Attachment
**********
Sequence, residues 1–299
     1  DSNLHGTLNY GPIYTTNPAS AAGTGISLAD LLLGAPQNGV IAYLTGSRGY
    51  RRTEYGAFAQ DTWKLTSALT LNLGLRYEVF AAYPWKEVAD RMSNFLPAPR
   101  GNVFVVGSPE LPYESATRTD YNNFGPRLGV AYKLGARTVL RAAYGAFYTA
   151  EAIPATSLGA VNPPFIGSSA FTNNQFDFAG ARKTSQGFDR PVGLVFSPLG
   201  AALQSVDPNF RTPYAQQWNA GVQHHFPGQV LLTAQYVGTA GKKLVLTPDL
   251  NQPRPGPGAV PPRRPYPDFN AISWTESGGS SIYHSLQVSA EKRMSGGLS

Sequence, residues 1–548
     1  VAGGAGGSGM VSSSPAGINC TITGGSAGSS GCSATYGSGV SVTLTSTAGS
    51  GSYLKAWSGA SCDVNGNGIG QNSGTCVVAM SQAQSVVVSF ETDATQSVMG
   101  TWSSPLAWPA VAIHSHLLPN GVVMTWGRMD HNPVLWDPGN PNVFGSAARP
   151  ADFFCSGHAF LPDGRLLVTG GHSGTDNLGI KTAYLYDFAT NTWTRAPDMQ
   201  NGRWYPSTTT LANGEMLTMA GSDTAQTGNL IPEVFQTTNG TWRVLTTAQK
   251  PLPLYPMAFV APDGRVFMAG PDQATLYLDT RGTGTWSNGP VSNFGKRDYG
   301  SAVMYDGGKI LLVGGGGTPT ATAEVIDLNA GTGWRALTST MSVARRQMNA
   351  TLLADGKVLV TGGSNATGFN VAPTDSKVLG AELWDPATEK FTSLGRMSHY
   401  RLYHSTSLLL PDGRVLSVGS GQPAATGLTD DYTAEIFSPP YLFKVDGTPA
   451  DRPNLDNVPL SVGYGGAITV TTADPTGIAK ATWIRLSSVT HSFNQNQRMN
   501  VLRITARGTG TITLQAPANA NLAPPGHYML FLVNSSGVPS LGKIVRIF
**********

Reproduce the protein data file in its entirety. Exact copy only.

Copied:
Sequence, residues 1–299
     1  DSNLHGTLNY GPIYTTNPAS AAGTGISLAD LLLGAPQNGV IAYLTGSRGY
    51  RRTEYGAFAQ DTWKLTSALT LNLGLRYEVF AAYPWKEVAD RMSNFLPAPR
   101  GNVFVVGSPE LPYESATRTD YNNFGPRLGV AYKLGARTVL RAAYGAFYTA
   151  EAIPATSLGA VNPPFIGSSA FTNNQFDFAG ARKTSQGFDR PVGLVFSPLG
   201  AALQSVDPNF RTPYAQQWNA GVQHHFPGQV LLTAQYVGTA GKKLVLTPDL
   251  NQPRPGPGAV PPRRPYPDFN AISWTESGGS SIYHSLQVSA EKRMSGGLS

Sequence, residues 1–548
     1  VAGGAGGSGM VSSSPAGINC TITGGSAGSS GCSATYGSGV SVTLTSTAGS
    51  GSYLKAWSGA SCDVNGNGIG QNSGTCVVAM SQAQSVVVSF ETDATQSVMG
   101  TWSSPLAWPA VAIHSHLLPN GVVMTWGRMD HNPVLWDPGN PNVFGSAARP
   151  ADFFCSGHAF LPDGRLLVTG GHSGTDNLGI KTAYLYDFAT NTWTRAPDMQ
   201  NGRWYPSTTT LANGEMLTMA GSDTAQTGNL IPEVFQTTNG TWRVLTTAQK
   251  PLPLYPMAFV APDGRVFMAG PDQATLYLDT RGTGTWSNGP VSNFGKRDYG
   301  SAVMYDGGKI LLVGGGGTPT ATAEVIDLNA GTGWRALTST MSVARRQMNA
   351  TLLADGKVLV TGGSNATGFN VAPTDSKVLG AELWDPATEK FTSLGRMSHY
   401  RLYHSTSLLL PDGRVLSVGS GQPAATGLTD DYTAEIFSPP YLFKVDGTPA
   451  DRPNLDNVPL SVGYGGAITV TTADPTGIAK ATWIRLSSVT HSFNQNQRMN
   501  VLRITARGTG TITLQAPANA NLAPPGHYML FLVNSSGVPS LGKIVRIF